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Benzos in Illicit Drugs Are a ‘Nightmare Scenario’ for Sex Workers

After taking ‘benzo-dope,’ Maddy was raped while unconscious. The assault happened after she was cut off a prescription for the drug.

Jen St. Denis 9 Dec

Jen St. Denis is The Tyee’s Downtown Eastside reporter. Find her on Twitter @JenStDen.

The last thing Maddy remembers is being inside the small bathroom of a motorhome parked on an East Vancouver street. When she regained consciousness, she was lying on a bed. A man was on top of her, and he wasn’t wearing a condom.

He was a client who’d been pressuring her to have unprotected sex. She’d said no every time: using a condom is a rule Maddy never lets men break because of the risk of getting a sexually transmitted infection.

“When I came to, I was like, ‘Dude, what the fuck?’” Maddy said. “I don’t remember exactly what he said but he just made up some excuse about why he thought it was OK.”

Maddy was raped after buying “benzo-dope,” a mix of fentanyl and benzodiazepines that is increasingly common in Vancouver’s illicit drug supply.

It wasn’t the first time a client had taken advantage of her drug use to have sex without a condom: shortly before the incident in the motorhome, another man had pressured her to have unprotected sex after she had used benzos. That man had previously respected her boundaries and agreed to use a condom during a previous encounter when she was not intoxicated. (Maddy says in both cases, she was using drugs she had bought herself, not drugs her clients had given her.)

“It was only when I was in more of a semi-blackout state, not like a full-on blackout, that I said, ‘Fuck it,’ and just went,” Maddy said. “That was more of a grey area, but it was more coercive because he knew I wasn’t OK with it.”

Maddy is dealing with an addiction to both fentanyl and benzodiazepines, and she believes safe supply (being prescribed a pharmaceutical-grade substance as an alternative to the unpredictable illicit supply) helped her avoid the worst pitfalls of benzo-dope. The sexual assault happened just four months after she was cut off from a prescribed benzodiazepine.

Benzodiazepines like lorazepam and diazepam are commonly prescribed to treat anxiety and act as depressants. But in the illicit supply, benzos are often unregulated concoctions advertised as “research chemicals” that are “not for human consumption.” Unregulated benzos are often much stronger than their regulated counterparts.

People who take both unregulated and prescribed benzodiazepines are at high risk of becoming dependent on them. Long-term use can cause sleep problems and a decline in cognitive function.

Benzodiazepines can affect people’s ability to breathe properly. When they’re mixed with opioids, benzos complicate overdoses and increase the chance that the overdose will be fatal.

Some opioid users don’t even know they’re also addicted to benzodiazepines, leading to dangerous situations when people try to detox, said Dr. Paxton Bach, the co-medical director at the BC Centre for Substance Use.

Benzodiazepine withdrawal feels much worse and takes longer than getting off opioids, and some patients also have seizures during withdrawal.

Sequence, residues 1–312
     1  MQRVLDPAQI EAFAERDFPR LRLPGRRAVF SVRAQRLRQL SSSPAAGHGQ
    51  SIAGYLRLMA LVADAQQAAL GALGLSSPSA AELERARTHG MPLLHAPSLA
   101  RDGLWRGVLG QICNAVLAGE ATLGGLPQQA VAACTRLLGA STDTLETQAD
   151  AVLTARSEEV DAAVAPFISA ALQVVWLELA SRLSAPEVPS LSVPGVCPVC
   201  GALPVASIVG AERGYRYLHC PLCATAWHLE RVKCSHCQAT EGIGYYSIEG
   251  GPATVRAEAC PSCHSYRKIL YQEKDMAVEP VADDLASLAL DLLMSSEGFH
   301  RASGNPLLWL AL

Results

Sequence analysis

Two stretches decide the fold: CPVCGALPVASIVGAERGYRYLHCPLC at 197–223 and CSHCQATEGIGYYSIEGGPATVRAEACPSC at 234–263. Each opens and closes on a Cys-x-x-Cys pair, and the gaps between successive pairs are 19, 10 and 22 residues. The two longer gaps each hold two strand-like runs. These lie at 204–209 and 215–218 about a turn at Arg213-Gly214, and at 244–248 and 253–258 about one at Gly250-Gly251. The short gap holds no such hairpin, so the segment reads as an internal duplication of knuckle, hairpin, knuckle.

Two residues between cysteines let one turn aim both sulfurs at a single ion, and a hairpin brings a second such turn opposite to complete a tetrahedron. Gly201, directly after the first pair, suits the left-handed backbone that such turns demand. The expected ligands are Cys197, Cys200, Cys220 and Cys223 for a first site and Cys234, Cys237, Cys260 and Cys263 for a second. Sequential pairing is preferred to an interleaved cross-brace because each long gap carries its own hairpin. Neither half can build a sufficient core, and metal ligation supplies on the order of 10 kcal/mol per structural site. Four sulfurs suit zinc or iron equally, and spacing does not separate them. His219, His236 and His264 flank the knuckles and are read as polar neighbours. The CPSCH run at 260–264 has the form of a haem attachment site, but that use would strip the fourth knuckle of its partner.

“It’s a nightmare scenario,” said Bach of the increase of benzodiazepines in B.C.’s illicit drug supply.

While North America’s current drug poisoning crisis is mostly caused by the powerful synthetic opioid fentanyl, overdose prevention sites in Vancouver started noticing drugs tainted with benzos were causing more complicated overdoses in early 2019.

Since then, benzodiazepines have become more common. In September, the BC Centre for Substance Use reported benzos had been found in 26 per cent of the illicit drugs tested at drug checking sites. That’s the highest rate ever found, and it’s likely an undercount because a common unregulated benzodiazepine called etizolam is often missed by drug-checking technologies.

For drug users, the effects of taking benzo-dope are unpredictable.

Sometimes, Maddy said, the illicit benzos she was taking would cause deep blackouts, where she was completely unconscious. Other times, “you’re in a state where you’re lucid, but you’re making decisions you wouldn’t otherwise make.”

After becoming addicted to both fentanyl and benzodiazepines because of the contaminated illicit opioid supply, Maddy said she was on a form of suboxone, a medication to treat opioid addiction. She was also prescribed a regulated benzodiazepine called clonazepam by a nurse practitioner. The clonazepam was prescribed as a harm reduction method to use after relapses or to prevent them, Maddy said.

It was only after she had been cut off the clonazepam prescription that she started to specifically seek out benzo-dope. Her use also became more frequent, and the drugs were unpredictable.

“I would get something different every time,” she said.

Jasmine, a friend of Maddy’s who acts as her safety partner for sex work and for drug use, said unregulated benzodiazepines are making sex work extremely dangerous.

“What do you think is going to happen when you pass out around a client? There’s a very good chance that they’re going to hurt you,” Jasmine said.

“It was maybe a year ago that I started seeing stuff on the bad date reports about girls getting drugged with benzo-dope, and then waking up and being raped. This is so common, it’s happening all the time, and it’s just disgusting.”

The Tyee is referring to Maddy and Jasmine by pseudonyms for safety reasons.

Jasmine said she first heard of benzo-dope a year ago, when a friend who was experiencing homelessness would routinely wake up missing all his belongings, including most of his clothes.